My idea for this piece was to use some drop-dead gorgeous gold plated beads and other versions of gold beads in size 10 Delicas and size 10 two cut beads. The two cut beads are slightly larger than the Delicas which I can see on this piece because I used the two cuts nearer to the top of the piece and the top of the piece is slightly wider than the bottom. Had I thought it through more thoroughly I would have more evenly spread those beads throughout the piece. To give the piece interest, I wove matte black and green beads in geometric shapes (mostly rectangles) throughout the piece. The result is very Klint like. I happen to love Klint’s work, so that I accidentally copied his style is not a surprise. I did not do it on purpose. You will not be shocked to learn I have a postcard of my favorite Klint painting pinned to my bulletin board. I think I look at it quite a lot and hence those colors are stuck in my brain.
This bead piece is actually quite free form so I didn’t have to worry about making any mistakes! I could just weave and play and look at all the lovely colors.
I wish I had timed myself when weaving this piece. I can tell you that it did not take as long as I thought it would. Because I was not following a fixed pattern there were fewer opportunities to make design mistakes. A couple of times I was not happy with the placement of the matte accent beads and had to remove a row and adjust my bead choices. But since the design concept was so simple, this clearly was not a frequent issue.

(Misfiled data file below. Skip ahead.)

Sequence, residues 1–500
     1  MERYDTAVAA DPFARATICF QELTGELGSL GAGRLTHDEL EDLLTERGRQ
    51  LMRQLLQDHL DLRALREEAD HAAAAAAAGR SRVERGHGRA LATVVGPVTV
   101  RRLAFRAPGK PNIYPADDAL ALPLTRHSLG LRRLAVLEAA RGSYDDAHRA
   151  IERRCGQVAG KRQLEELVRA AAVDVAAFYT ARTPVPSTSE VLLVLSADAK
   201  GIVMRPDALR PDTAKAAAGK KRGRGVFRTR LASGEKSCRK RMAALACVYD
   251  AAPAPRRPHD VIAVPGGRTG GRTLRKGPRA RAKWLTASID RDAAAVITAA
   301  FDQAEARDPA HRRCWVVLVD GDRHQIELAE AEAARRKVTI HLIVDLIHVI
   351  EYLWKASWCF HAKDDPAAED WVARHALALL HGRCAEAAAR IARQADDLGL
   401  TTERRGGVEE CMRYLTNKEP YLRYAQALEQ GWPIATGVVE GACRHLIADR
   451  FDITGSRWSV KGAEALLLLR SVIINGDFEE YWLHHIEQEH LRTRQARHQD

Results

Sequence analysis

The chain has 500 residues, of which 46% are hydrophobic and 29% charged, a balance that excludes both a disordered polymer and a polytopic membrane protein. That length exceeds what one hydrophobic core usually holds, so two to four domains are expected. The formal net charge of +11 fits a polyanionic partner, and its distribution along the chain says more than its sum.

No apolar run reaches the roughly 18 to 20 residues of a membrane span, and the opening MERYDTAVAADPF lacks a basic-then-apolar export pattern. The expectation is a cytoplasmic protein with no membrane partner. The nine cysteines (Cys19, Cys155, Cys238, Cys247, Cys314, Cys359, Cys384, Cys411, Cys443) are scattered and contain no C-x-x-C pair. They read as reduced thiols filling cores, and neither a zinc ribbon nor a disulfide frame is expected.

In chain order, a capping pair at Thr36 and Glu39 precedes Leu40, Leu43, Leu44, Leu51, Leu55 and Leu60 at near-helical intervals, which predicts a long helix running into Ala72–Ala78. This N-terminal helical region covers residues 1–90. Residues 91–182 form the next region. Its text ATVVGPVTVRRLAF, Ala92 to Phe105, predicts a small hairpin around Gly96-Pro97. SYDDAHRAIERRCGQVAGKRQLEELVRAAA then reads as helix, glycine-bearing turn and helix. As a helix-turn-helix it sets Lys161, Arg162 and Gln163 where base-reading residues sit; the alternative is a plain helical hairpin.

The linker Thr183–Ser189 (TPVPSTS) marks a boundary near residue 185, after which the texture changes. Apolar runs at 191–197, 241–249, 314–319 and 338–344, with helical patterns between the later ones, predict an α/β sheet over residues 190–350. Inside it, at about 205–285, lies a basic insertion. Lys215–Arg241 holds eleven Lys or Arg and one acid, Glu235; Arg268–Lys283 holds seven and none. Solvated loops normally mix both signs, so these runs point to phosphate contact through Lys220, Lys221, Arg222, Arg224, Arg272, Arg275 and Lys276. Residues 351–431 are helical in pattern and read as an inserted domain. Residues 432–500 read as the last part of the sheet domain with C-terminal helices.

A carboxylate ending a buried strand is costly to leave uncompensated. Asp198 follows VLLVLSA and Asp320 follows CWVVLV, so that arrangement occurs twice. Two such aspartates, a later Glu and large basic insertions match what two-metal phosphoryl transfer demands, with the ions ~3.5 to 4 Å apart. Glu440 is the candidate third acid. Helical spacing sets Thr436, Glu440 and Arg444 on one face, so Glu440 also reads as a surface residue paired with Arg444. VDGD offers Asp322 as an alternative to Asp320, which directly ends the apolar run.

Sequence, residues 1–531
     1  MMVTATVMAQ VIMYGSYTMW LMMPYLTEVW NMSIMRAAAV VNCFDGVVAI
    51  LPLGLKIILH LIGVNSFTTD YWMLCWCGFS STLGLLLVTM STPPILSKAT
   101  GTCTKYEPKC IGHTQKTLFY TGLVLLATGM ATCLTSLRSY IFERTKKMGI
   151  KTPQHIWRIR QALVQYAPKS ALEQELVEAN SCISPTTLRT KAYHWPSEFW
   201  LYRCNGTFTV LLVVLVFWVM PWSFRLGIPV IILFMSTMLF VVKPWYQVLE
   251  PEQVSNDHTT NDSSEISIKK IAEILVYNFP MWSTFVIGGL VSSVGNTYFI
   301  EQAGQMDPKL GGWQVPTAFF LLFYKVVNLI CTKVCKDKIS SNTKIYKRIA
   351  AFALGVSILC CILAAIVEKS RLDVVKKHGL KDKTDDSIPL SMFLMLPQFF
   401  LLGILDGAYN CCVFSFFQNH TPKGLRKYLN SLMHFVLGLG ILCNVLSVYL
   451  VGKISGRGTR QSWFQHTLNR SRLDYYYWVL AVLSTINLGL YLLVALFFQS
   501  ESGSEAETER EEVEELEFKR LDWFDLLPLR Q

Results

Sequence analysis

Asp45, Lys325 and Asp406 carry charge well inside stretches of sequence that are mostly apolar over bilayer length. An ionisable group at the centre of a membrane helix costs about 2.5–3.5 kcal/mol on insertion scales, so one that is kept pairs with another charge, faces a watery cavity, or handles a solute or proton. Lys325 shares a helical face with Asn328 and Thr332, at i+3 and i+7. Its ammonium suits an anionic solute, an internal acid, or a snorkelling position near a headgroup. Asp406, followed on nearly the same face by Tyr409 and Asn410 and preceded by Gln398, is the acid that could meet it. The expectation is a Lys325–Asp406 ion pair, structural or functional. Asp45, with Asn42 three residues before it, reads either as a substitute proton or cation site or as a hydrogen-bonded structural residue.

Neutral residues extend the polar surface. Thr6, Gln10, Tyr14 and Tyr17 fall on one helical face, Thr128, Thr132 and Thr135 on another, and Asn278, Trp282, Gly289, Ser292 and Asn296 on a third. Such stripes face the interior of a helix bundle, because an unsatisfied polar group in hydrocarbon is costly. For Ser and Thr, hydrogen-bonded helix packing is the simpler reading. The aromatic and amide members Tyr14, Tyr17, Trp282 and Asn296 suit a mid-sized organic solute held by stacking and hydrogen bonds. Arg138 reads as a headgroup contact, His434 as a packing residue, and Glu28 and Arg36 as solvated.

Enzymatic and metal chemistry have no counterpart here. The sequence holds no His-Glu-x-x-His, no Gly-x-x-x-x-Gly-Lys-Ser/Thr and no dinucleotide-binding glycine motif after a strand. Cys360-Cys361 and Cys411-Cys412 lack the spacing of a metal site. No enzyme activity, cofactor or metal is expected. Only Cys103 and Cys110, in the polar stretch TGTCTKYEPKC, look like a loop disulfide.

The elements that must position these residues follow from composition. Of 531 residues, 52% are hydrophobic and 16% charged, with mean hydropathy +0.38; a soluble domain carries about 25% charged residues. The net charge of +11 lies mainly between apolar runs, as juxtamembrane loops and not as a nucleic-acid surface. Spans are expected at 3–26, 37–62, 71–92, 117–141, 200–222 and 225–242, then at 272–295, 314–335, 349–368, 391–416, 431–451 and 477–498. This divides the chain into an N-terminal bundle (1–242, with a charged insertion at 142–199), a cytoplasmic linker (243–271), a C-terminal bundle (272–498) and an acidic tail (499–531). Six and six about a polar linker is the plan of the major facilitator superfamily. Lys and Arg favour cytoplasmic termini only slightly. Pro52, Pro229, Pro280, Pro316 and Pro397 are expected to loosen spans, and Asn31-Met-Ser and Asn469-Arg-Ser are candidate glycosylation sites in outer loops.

Before I dive into my process I do want to mention that if you have never used the shedding device for bead weaving before that you not start with a wide piece. Why? Well, set up is more complicated than when not using the shedding device because you put on twice as many warp threads (two in each dent) and you have to put the heddles on. While not at all difficult, if you make a mistake the loom will not be able to function properly or at all. If you are a newbie at this kind of set up and you make a mistake on a wide piece, the repair process can be a bit difficult. Therefore, I suggest starting with a very thin piece just to see what can go wrong and how the process works. You will thank me for this. The temptation to jump right in and make a billboard-sized piece is very alluring, but first make a one-inch wide piece so you can see how best to get the heddles on correctly, etc.